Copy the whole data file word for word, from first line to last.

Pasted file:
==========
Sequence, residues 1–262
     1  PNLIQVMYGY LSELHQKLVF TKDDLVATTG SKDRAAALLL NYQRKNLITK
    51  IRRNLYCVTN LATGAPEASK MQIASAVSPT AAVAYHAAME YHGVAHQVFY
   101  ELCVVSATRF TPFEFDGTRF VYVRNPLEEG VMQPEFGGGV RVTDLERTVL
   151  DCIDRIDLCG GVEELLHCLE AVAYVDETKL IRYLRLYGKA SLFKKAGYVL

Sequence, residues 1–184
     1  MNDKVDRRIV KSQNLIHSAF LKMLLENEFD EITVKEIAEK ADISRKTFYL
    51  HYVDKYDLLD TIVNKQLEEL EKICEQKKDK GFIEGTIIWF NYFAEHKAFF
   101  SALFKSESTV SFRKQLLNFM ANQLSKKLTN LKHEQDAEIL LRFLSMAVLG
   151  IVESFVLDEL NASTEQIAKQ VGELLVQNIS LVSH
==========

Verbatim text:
Sequence, residues 1–262
     1  PNLIQVMYGY LSELHQKLVF TKDDLVATTG SKDRAAALLL NYQRKNLITK
    51  IRRNLYCVTN LATGAPEASK MQIASAVSPT AAVAYHAAME YHGVAHQVFY
   101  ELCVVSATRF TPFEFDGTRF VYVRNPLEEG VMQPEFGGGV RVTDLERTVL
   151  DCIDRIDLCG GVEELLHCLE AVAYVDETKL IRYLRLYGKA SLFKKAGYVL

Sequence, residues 1–184
     1  MNDKVDRRIV KSQNLIHSAF LKMLLENEFD EITVKEIAEK ADISRKTFYL
    51  HYVDKYDLLD TIVNKQLEEL EKICEQKKDK GFIEGTIIWF NYFAEHKAFF
   101  SALFKSESTV SFRKQLLNFM ANQLSKKLTN LKHEQDAEIL LRFLSMAVLG
   151  IVESFVLDEL NASTEQIAKQ VGELLVQNIS LVSH